Sunday, January 19, 2020

Breaking the Ice

One of the goals of group therapy is to allow the opportunity for group members to get into deeper issues so as to increase self-awareness and promote positive change. However, in order to do that successfully it may be essential to "break the ice" and provide people in the group the chance to share freely their views on various topics.

With that in mind, through this blog, Taking the Escalator has added two new icebreaker activities. Click to view either or both of these easy to use group therapy icebreakers which are sure to inspire interesting group discussion and thereby build group trust and cohesion.

Wednesday, January 8, 2020


Motivated – adj. - having an incentive or a strong desire to do well or succeed in some pursuit

Perhaps you are in a substance use treatment program and you feel that you are motivated and you truly want to make changes and achieve goals with regard to any substance use or coexisting issues that you may be working on. You may find yourself in a program where your primary reason for being there is for your own personal good yet others in the program may seem that they are only attending because they are mandated. If you believe that you have a good degree of self-motivation for positive change, it may feel frustrating at times when others in the group appear to be less motivated. If you find yourself in this situation where you are one of the more motivated people in the group and there are others who are less serious, does that mean that all is lost and there is no way to benefit? No, you still can benefit from a group program even if others in the group have questionable internal desire for change. This activity is focused on making the most of your own motivation no matter what the situation may be.

“There will be obstacles. There will be doubters.
 There will be mistakes.
But with hard work, there are no limits.”
-       Michael Phelps

*One thing to note before moving forward is that it is important not to be judgmental of others during the following discussion and group exercises. This is not about pointing a finger at anyone else and labeling them as “unmotivated” or “wasting time” as that does not help anyone. Each person should focus on themselves including trying to be self-aware about your own desires, goals, and motives rather than assessing those things in other people. Motivation is great but keep in mind it can be dangerous to be overconfident and simply conclude that you have things all figured out just because you are motivated. To the contrary, sometimes people who struggle at first with motivation eventually end up doing well in the long term. Again, the point is to focus on yourself and not to judge others in the group in order to get the most out of this. Everyone can benefit from looking at their own motivation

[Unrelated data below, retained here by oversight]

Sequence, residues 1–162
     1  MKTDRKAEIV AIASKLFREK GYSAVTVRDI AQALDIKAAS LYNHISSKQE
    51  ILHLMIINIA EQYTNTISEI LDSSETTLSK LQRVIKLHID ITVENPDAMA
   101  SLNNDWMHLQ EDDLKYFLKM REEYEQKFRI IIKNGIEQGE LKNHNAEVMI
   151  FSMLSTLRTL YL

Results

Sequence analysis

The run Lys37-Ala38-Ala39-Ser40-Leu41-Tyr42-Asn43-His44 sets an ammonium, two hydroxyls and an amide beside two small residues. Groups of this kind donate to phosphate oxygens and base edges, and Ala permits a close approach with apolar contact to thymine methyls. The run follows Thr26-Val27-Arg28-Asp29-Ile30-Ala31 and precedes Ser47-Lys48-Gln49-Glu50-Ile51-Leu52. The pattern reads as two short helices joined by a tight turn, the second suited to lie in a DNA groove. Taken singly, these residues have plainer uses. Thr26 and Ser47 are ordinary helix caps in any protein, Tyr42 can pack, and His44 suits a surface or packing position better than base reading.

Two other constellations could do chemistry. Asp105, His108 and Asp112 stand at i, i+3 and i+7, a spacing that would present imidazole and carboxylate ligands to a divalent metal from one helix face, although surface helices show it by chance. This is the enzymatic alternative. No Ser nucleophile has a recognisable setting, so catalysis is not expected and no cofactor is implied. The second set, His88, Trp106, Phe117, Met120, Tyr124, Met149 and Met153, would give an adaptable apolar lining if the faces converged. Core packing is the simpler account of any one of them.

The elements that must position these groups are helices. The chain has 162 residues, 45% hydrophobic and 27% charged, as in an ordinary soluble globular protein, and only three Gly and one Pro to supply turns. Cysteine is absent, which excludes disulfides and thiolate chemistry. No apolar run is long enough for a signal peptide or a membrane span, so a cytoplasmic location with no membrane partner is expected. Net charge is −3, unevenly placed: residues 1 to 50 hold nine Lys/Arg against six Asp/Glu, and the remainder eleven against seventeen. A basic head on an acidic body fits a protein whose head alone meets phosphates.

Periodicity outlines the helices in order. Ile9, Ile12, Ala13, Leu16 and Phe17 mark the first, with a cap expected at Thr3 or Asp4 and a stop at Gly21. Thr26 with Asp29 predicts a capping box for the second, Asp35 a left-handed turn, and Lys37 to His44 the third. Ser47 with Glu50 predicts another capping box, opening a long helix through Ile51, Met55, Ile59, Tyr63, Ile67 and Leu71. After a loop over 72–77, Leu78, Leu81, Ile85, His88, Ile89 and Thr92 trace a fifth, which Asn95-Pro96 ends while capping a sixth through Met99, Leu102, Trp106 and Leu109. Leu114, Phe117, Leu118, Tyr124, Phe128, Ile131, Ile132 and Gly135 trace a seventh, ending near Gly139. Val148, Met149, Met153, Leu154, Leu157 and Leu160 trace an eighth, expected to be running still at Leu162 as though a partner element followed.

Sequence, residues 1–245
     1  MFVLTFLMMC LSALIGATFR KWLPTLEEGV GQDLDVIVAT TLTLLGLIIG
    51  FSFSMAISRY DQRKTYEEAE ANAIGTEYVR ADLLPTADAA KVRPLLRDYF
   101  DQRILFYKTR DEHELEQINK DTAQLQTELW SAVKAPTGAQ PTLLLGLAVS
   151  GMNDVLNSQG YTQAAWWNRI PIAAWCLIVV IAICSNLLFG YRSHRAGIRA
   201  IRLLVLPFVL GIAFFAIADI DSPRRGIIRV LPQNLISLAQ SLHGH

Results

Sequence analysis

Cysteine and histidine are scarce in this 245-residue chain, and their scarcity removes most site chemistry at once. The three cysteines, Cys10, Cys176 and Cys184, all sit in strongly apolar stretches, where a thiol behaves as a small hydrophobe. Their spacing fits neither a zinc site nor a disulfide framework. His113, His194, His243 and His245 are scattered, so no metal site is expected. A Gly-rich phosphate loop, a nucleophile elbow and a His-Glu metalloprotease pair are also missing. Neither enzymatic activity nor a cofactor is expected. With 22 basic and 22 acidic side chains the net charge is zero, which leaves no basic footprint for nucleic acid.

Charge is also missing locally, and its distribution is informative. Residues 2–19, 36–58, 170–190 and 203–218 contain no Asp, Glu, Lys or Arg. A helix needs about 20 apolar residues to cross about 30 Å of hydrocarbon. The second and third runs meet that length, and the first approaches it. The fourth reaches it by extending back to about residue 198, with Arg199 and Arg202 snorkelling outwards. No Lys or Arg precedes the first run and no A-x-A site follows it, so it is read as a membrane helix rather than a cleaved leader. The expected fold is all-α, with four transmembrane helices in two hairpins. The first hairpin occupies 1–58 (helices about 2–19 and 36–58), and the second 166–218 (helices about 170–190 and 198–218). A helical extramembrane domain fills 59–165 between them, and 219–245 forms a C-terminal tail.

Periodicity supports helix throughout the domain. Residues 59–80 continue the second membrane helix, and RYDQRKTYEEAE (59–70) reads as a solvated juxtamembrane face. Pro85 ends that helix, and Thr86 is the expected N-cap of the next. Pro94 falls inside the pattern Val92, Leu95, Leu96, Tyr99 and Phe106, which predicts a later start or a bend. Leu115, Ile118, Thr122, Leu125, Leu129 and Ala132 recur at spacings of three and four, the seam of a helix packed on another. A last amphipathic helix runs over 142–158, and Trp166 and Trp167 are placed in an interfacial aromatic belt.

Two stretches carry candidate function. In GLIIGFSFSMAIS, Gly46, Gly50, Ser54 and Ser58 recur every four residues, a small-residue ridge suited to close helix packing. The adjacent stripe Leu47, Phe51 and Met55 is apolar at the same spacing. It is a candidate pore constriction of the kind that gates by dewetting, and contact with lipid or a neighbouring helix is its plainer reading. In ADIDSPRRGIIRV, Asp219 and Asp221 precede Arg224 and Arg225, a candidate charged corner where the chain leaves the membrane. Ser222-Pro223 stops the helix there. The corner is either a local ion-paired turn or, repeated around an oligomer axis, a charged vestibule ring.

Some Things to be Aware of When it Comes to Motivation
(Discuss as a group: Can you identify with any of these ideas or examples?)

Motivation is not a constant (it can vary with time and situation) -

Charlie – “I feel so motivated when I am on probation but once probation ends and I feel more freedom, that little voice inside my head that tells me to go back to my old lifestyle starts getting louder”

Kira – “When I am sitting in treatment during the day, I feel so motivated and determined to do what is right, but sometimes later at home when things around me are less positive, my motivation dies down”

Motivation can be deceiving especially when it is based on emotion

Karl – “When that amazing guest speaker came in and told his inspirational story I felt a powerful surge of motivation - but I have to admit, over time it wore off”

Trish – “When my fiancĂ©e broke off our engagement because of my drinking, I felt super motivated to finally stop drinking and change my life. But eventually after my emotions changed from inspiration to depression and guilt, my motivation took a nosedive”

Epiphanies, “spiritual awakenings” and magic moments do happen sometimes, but many people cannot afford to sit around and wait for that to happen.

Jemila – “I kept hearing about other people’s amazing stories where they hit bottom, they had enough and then it all came together for them. However, that never seems to happen to me, instead I just keep waiting and waiting for it…”

Scott – “I keep on thinking that one day it will all come together for me and I will finally get it, but in the meantime, I keep racking up new charges, problems and consequences of my while I’m waiting”

Stories of quick inspirational turnarounds may make the headlines, but more often “slow and steady wins the race”

Ruby – “The reason that I am still standing here is because I didn’t give up. I had my share of ups and downs, successes and relapse but no matter what I just kept pushing forward”

Frank – “I now know that I am never going to be that guy who blows everyone away with a sudden and drastic life change. Rather, I know that I can do this if I stay consistent and persistent – little by little”

If a person is not careful, feeling motivated can lead to overconfidence which can lead loss of focus which can lead to setbacks or relapse

RJ – “I was so motivated that I was taking the world by storm with my amazing progress. The only problem was that I was doing so well that I got cocky and I thought I could start going back to clubs without getting high or drunk. That didn’t last too long unfortunately…”

Tara - “I was doing so well for so long that got overconfident and I started focusing more and more on telling other people in my program what I thought they should do. Meanwhile, I lost focus on myself and started sliding backward with my own progress as a result”

FINALLY – Everyone has the ability to increase their motivation. Motivation is a lifelong process

DISCUSS – What else have you learned that you can you do to increase your motivation?